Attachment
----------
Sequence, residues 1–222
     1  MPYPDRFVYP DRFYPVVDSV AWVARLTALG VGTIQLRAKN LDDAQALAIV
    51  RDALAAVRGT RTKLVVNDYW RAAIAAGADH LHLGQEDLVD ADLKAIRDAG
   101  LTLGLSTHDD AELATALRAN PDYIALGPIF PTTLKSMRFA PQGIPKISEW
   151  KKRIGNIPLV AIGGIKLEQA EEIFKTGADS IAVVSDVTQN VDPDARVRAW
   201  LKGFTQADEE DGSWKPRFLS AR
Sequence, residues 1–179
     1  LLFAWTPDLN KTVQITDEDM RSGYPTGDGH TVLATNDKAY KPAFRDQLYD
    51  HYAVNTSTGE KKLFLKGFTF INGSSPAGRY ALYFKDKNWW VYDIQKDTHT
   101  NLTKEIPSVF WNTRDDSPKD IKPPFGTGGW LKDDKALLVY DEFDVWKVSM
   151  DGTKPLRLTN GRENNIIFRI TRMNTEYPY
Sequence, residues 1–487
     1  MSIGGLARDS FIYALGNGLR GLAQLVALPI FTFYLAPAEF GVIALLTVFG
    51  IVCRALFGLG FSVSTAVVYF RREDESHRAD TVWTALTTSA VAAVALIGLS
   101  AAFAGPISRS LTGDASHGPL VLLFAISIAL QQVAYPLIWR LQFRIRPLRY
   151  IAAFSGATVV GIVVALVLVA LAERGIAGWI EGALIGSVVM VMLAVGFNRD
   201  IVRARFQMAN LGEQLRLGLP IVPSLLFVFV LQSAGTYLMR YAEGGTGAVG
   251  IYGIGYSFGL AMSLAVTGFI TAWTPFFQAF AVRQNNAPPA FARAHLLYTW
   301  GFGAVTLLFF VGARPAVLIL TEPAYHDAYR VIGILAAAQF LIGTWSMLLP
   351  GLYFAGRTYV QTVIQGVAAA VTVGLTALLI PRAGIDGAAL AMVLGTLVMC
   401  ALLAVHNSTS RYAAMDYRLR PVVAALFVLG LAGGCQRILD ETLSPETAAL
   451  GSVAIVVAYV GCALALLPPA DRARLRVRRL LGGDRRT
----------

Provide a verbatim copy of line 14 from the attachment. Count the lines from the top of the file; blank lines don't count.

    51  IVCRALFGLG FSVSTAVVYF RREDESHRAD TVWTALTTSA VAAVALIGLS